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## Unstable Modes (unstable + mode)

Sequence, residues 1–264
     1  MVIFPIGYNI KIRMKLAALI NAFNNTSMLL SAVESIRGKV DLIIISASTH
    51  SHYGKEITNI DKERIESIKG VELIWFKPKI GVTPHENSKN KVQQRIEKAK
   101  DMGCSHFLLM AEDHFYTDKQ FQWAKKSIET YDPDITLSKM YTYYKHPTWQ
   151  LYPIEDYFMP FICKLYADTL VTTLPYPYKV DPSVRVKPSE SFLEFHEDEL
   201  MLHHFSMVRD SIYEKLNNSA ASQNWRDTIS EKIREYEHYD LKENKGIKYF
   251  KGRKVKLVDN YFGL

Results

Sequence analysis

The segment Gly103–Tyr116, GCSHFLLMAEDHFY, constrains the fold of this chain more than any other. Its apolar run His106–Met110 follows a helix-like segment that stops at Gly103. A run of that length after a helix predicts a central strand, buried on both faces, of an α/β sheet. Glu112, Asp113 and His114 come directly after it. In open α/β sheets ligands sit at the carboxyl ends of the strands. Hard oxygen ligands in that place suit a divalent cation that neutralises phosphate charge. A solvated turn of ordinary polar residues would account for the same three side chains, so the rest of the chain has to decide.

## Selected Abstracts## Analytical approach for the toroidal relaxation of viscoelastic earth GEOPHYSICAL JOURNAL INTERNATIONAL, Issue 1 2006Hansheng WangSUMMARY This paper is concerned with post-seismic toroidal deformation in a spherically symmetric, non-rotating, linear-viscoelastic, isotropic Maxwell earth model. Analytical expressions for characteristic relaxation times and relaxation strengths are found for viscoelastic toroidal deformation, associated with surface tangential stress, when there are two to five layers between the core,mantle boundary and Earth's surface. The multilayered models can include lithosphere, asthenosphere, upper and lower mantles and even low-viscosity ductile layer in the lithosphere. The analytical approach is self-consistent in that the Heaviside isostatic solution agrees with fluid limit. The analytical solution can be used for high-precision simulation of the toroidal relaxation in five-layer earths and the results can also be considered as a benchmark for numerical methods. Analytical solution gives only stable decaying modes,unstable mode, conjugate complex mode and modes of relevant poles with orders larger than 1, are all excluded, and the total number of modes is found to be just the number of viscoelastic layers between the core,mantle boundary and Earth's surface,however, any elastic layer between two viscoelastic layers is also counted. This confirms previous finding where numerical method (i.e. propagator matrix method) is used. We have studied the relaxation times of a lot of models and found the propagator matrix method to agree very well with those from analytical results. In addition, the asthenosphere and lithospheric ductile layer are found to have large effects on the amplitude of post-seismic deformation. This also confirms the findings of previous works. [source] ## Linear instability of ideal flows on a sphere MATHEMATICAL METHODS IN THE APPLIED SCIENCES, Issue 3 2009Yuri N. SkibaAbstract A unified approach to the normal mode instability study of steady solutions to the vorticity equation governing the motion of an ideal incompressible fluid on a rotating sphere is considered. The four types of well-known solutions are considered, namely, the Legendre-polynomial (LP) flows, Rossby,Haurwitz (RH) waves, Wu,Verkley (WV) waves and modons. A conservation law for disturbances to each solution is derived and used to obtain a necessary condition for its exponential instability. By these conditions, Fjörtoft's (Tellus 1953; 5:225,230) average spectral number of the amplitude of an unstable mode must be equal to a special value. In the case of LP flows or RH waves, this value is related only with the basic flow degree. For the WV waves and modons, it depends both on the basic flow degree and on the spectral distribution of the mode energy in the inner and outer regions of the flow. Peculiarities of the instability conditions for different types of modons are discussed. The new instability conditions specify the spectral structure of growing disturbances localizing them in the phase space. For the LP flows, this condition complements the well-known Rayleigh,Kuo and Fjörtoft conditions related to the zonal flow profile. Some analytical and numerical examples are considered. The maximum growth rate of unstable modes is also estimated, and the orthogonality of any unstable, decaying and non-stationary mode to the basic flow is shown in the energy inner product. The analytical instability results obtained here can also be applied for testing the accuracy of computational programs and algorithms used for the numerical stability study. It should be stressed that Fjörtoft's spectral number appearing both in the instability conditions and in the maximum growth rate estimates is the parameter of paramount importance in the linear instability problem of ideal flows on a sphere. Copyright © 2008 John Wiley & Sons, Ltd. [source] ## Barotropic instability in the tropical cyclone outer region THE QUARTERLY JOURNAL OF THE ROYAL METEOROLOGICAL SOCIETY, Issue 641 2009Jiayi PengAbstract The growth of asymmetric perturbations and their interactions with the symmetric flow are investigated for wind profiles in a tropical cyclone with instability in its outer region. Three tangential wind profiles are examined: TC1, a strong barotropic instability profile in the outer region; TC2, a stable wind profile; and TC3, a weaker instability profile comparing to TC1 with a larger distance between the inner negative and the outer positive vorticity gradient centres. An eigenvalue analysis indicates that azimuthal wave-number two is the most unstable mode in both TC1 and TC3, with an e-folding time-scale of about 1 and 9 days, respectively. Numerical simulations using a linear barotropic model, with an initial asymmetry specified in the outer region, confirm the eigenvalue analysis. A mechanism is provided to explain the difference between simulations in TC1 and TC2. In both the stable and unstable case, an inner asymmetry is induced by the initial outer asymmetry acting on the symmetric vorticity gradient. Subsequently, the newly generated inner asymmetry feeds back positively to the outer asymmetry with the unstable profile. Because of this positive feedback, the inner and the outer asymmetries maintain an up-shear phase tilting, leading to a continuous energy transfer from the symmetric flow to the asymmetric perturbation. In the stable TC2, the inner asymmetry could not amplify the outer initial asymmetry as there is no basic-state radial vorticity gradient there. Also due to this feedback process, disturbances grow faster where the (absolute) basic-state vorticity gradients are large. Therefore, the position of an initial disturbance plays a minor role in determining the outcome of the system. Simulations with a nonlinear barotropic model and a primitive equation model further confirm the significant weakening of the maximum tangential wind due to the positive feedback process in TC1. Simulations for TC3 show a smaller change of the symmetric tangential wind, as expected. Copyright © 2009 Royal Meteorological Society [source] ## A finite-strain quadrilateral shell element based on discrete Kirchhoff,Love constraints INTERNATIONAL JOURNAL FOR NUMERICAL METHODS IN ENGINEERING, Issue 9 2005Pedro M. A. AreiasAbstract This paper improves the 16 degrees-of-freedom quadrilateral shell element based on pointwise Kirchhoff,Love constraints and introduces a consistent large strain formulation for this element. The model is based on classical shell kinematics combined with continuum constitutive laws. The resulting element is valid for large rotations and displacements. The degrees-of-freedom are the displacements at the corner nodes and one rotation at each mid-side node. The formulation is free of enhancements, it is almost fully integrated and is found to be immune to locking or unstable modes. The patch test is satisfied. In addition, the formulation is simple and amenable to efficient incorporation in large-scale codes as no internal degrees-of-freedom are employed, and the overall calculations are very efficient. Results are presented for linear and non-linear problems. Copyright © 2005 John Wiley & Sons, Ltd. [source] ## Instabilities of Boussinesq models in non-uniform depth INTERNATIONAL JOURNAL FOR NUMERICAL METHODS IN FLUIDS, Issue 6 2009F. LøvholtAbstract The von Neumann method for stability analysis of linear waves in a uniform medium is a widely applied procedure. However, the method does not apply to stability of linear waves in a variable medium. Herein we describe instabilities due to variable depth for different Boussinesq equations, including the standard model by Peregrine and the popular generalization by Nwogu. Eigenmodes are first found for bathymetric features on the grid scale. For certain combinations of Boussinesq formulations and bottom profiles stability limits are found in closed form, otherwise numerical techniques are used for the eigenvalue problems. Naturally, the unstable modes in such settings must be considered to be as much a result of the difference method as of the underlying differential (Boussinesq) equations. Hence, modes are also computed for smooth depth profiles that are well resolved. Generally, the instabilities do not vanish with refined resolution. In some cases convergence is observed and we thus have indications of unstable solutions of the differential equations themselves. The stability properties differ strongly. While the standard Boussinesq equations seem perfectly stable, all the other formulations do display unstable modes. In most cases the instabilities are linked to steep bottom gradients and small grid increments. However, while a certain formulation, based on velocity potentials, is very prone to instability, the Boussinesq equations of Nwogu become unstable only under quite demanding conditions. Still, for the formulation of Nwogu, instabilities are probably inherent in the differential equations and are not a result of the numerical model. Copyright © 2008 John Wiley & Sons, Ltd. [source] ## Stability and slightly supercritical oscillatory regimes of natural convection in a 8:1 cavity: solution of the benchmark problem by a global Galerkin method INTERNATIONAL JOURNAL FOR NUMERICAL METHODS IN FLUIDS, Issue 2 2004Alexander Yu.Abstract The global Galerkin method is applied to the benchmark problem that considers an oscillatory regime of convection of air in a tall two-dimensional rectangular cavity. The three most unstable modes of the linearized system of the Boussinesq equations are studied. The converged values of the critical Rayleigh numbers together with the corresponding oscillation frequencies are calculated for each mode. The oscillatory flow regimes corresponding to each of the three modes are approximated asymptotically. No direct time integration is applied. Good agreement with the previously published results obtained by solution of the time-dependent Boussinesq equations is reported. Copyright © 2004 John Wiley & Sons, Ltd. [source] ## Linear instability of ideal flows on a sphere MATHEMATICAL METHODS IN THE APPLIED SCIENCES, Issue 3 2009Yuri N. SkibaAbstract A unified approach to the normal mode instability study of steady solutions to the vorticity equation governing the motion of an ideal incompressible fluid on a rotating sphere is considered. The four types of well-known solutions are considered, namely, the Legendre-polynomial (LP) flows, Rossby,Haurwitz (RH) waves, Wu,Verkley (WV) waves and modons. A conservation law for disturbances to each solution is derived and used to obtain a necessary condition for its exponential instability. By these conditions, Fjörtoft's (Tellus 1953; 5:225,230) average spectral number of the amplitude of an unstable mode must be equal to a special value. In the case of LP flows or RH waves, this value is related only with the basic flow degree. For the WV waves and modons, it depends both on the basic flow degree and on the spectral distribution of the mode energy in the inner and outer regions of the flow. Peculiarities of the instability conditions for different types of modons are discussed. The new instability conditions specify the spectral structure of growing disturbances localizing them in the phase space. For the LP flows, this condition complements the well-known Rayleigh,Kuo and Fjörtoft conditions related to the zonal flow profile. Some analytical and numerical examples are considered. The maximum growth rate of unstable modes is also estimated, and the orthogonality of any unstable, decaying and non-stationary mode to the basic flow is shown in the energy inner product. The analytical instability results obtained here can also be applied for testing the accuracy of computational programs and algorithms used for the numerical stability study. It should be stressed that Fjörtoft's spectral number appearing both in the instability conditions and in the maximum growth rate estimates is the parameter of paramount importance in the linear instability problem of ideal flows on a sphere. Copyright © 2008 John Wiley & Sons, Ltd. [source] ## A kinetic approach to cosmic-ray-induced streaming instability at supernova shocks MONTHLY NOTICES OF THE ROYAL ASTRONOMICAL SOCIETY, Issue 4 2009E. AmatoABSTRACT We show that a purely kinetic approach to the excitation of waves by cosmic rays in the vicinity of a shock front leads to predict the appearance of a non-Alfvénic fast-growing mode which has the same dispersion relation as that previously found by Bell in 2004 by treating the plasma in the magnetohydrodynamic approximation. The kinetic approach allows us to investigate the dependence of the dispersion relation of these waves on the microphysics of the current which compensates the cosmic ray flow. We also show that a resonant and a non-resonant mode may appear at the same time and one of the two may become dominant on the other depending on the conditions in the acceleration region. We discuss the role of the unstable modes for magnetic field amplification and particle acceleration in supernova remnants at different stages of the remnant evolution. [source] ## A simple model of coupled synoptic waves in the land surface and atmosphere of the northern Sahel THE QUARTERLY JOURNAL OF THE ROYAL METEOROLOGICAL SOCIETY, Issue 637 2008Douglas J. ParkerAbstract A simple dynamic model is developed to describe the observed interactions between the atmosphere and the soil moisture patterns of the northern Sahel. In the model, the atmosphere follows quasi-geostrophic dynamics, while land-atmosphere coupling is described by simple linear relationships. Dry surfaces heat the atmospheric boundary layer, while wet surfaces cool the boundary layer, relative to the equilibrium state of the atmosphere and land surface. In turn, cloud processes, which are assumed to maximise in the cool, humid phase of an atmospheric disturbance, cool the land surface through wetting (rainfall) and reduction of the incoming solar flux. These assumptions lead to a linear system which can be solved numerically to obtain modal solutions, and the adjoints (optimal excitation) of these. Moist convective influences on the atmospheric state are not explored in detail. The coupling with the land surface leads to the existence of unstable modes, which do not exist in the atmosphere-only part of the system. Solutions can be easterly or westerly propagating, according to wave number, with the longer waves tending to be easterly. Propagation relies on a favourable configuration between the atmospheric and soil moisture anomalies: easterly propagation requires the surface temperature pattern to be shifted to the east of the atmospheric temperature pattern. In contrast, optimal excitation of the fastest-growing mode occurs when the atmospheric pattern has a thermal anomaly lying to the east of a strong surface temperature (and moisture) anomaly. These results have value for weather prediction, and indicate the usefulness of soil moisture data for forecasters. Copyright © 2008 Royal Meteorological Society [source] |